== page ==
The benefit is that an exemption can receive immediate approval and the installation can get started in a very easy short cut to savings and conservation of our natural resources.

      We're making progress!  Stay tuned...

      Peter

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      Cape Cod Real Estate 2009: How do "Historic" and "Green Energy" co-exist?

      Alternative energy is coming to Dennis - very soon.  Recently, the Selectmen organized an Alternative Energy Committee to meet with the Historic Committee for the purpose of building a game plan to bring modern energy-saving ideas to life.  Because it is new, everyone is concerned that the ideas and the implementation of ideas will be cumbersome, costly and slow.  In other words, a big hassle.

      Not so!  The Historic Committee has the ability to create very simple-to-use and easy to implement exemption forms to help home owners expedite the process of installing alternative energy technologies. Before we get to the easy application forms, let's first review the types of technologies that will fit well in the historic areas of Cape Cod.

      Cape Cod brings the elements of nature together across many settings of spectacular beauty.  The sun, water and wind are all part of the beauty and natural producers of alternative energy.  Did you know that wind power has successfully produced energy for over 5,000 years - to power sail boats and sailing ships? Think what Christopher Columbus would have done if he had lights on the Santa Maria! Anyway, solar energy comes in two formats - photovoltaic panels which use sunlight and the thermodynamic panels which use sun heat.  Interestingly, the thermal panels are all black and much harder to see.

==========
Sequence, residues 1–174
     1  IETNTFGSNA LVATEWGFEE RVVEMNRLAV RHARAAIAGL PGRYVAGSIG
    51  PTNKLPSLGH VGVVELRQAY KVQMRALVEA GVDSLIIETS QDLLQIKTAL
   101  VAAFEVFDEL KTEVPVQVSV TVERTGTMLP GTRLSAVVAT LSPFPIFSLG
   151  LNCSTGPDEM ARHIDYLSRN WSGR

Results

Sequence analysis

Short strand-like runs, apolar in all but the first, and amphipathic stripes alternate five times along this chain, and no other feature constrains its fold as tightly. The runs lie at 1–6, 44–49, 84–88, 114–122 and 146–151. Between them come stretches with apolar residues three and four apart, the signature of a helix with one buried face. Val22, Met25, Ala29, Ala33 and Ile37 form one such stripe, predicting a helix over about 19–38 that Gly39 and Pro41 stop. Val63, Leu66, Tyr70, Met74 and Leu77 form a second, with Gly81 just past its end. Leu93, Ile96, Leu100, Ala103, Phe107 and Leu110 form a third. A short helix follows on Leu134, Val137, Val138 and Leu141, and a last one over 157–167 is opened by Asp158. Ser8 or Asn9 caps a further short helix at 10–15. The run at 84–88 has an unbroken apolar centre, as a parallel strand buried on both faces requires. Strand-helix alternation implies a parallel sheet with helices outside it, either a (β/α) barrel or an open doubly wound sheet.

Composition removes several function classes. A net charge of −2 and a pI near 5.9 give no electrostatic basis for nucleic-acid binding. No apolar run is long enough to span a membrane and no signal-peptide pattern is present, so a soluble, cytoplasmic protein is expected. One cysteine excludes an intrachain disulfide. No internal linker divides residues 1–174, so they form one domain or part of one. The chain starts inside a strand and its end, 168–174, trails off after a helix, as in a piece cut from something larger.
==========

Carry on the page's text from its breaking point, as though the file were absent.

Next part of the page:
Further developments have produced thin film solar cells which have the advantage of collecting light from all angles and are even able to collect diffuse light.  These solar cells are cylinders that can be used on the back side of roofs which are not South facing.  Ultimately, the best location for solar panels is flat and not visible from any public way or place.  Camouflaging solar panels and placing them in locations invisible to the public is the most important step in developing a hassle free installation system.  Apparently, the thin film solar cells are also half the installation cost and take a third less time to install.  I can hear you outside breaking down my door already!  You aren't alone, Toyota is putting solar panels on the roof of their new Prius.  So there.

      Wind energy is the next alternative energy concept for discussion.  The 3 blade wind turbines have the ability to capture the almost year-round wind energy coming from the Bay and from Nantucket Sound.  Clearly, the issue with wind energy is the visibility.  More than likely these wind turbines are headed for more wooded settings and applications.  Water front homes and properties can probably achieve success with wind energy on the rear of their lots in places not visible from the road or the ocean. They will require a formal, or more appropriately a certified plot plan to assure the location of the "wind mill" is not visible.  Another consideration may be the more historic wind mill look of the old water pumping wind mills that were famous throughout New England in the 1800's.

      Wave and Tidal energy are also highly valuable sources of alternative energy here on the Cape and in Dennis. Tidal Energy is a far more predictable source of energy than either wind or solar and can be more reliable.  The application and usefulness of these two forms of Cape Cod energy would be more beneficial at a larger scale Town usage in conjunction with water front properties and locations.

      As in all cases, residents and home owners have many choices.  Which alternative energy works best is an individual decision and should be reviewed in that context.  Making it hassle free is coming soon!

      Peter

      Mid-Cape Real Estate 2009: How We Preserve "the Look"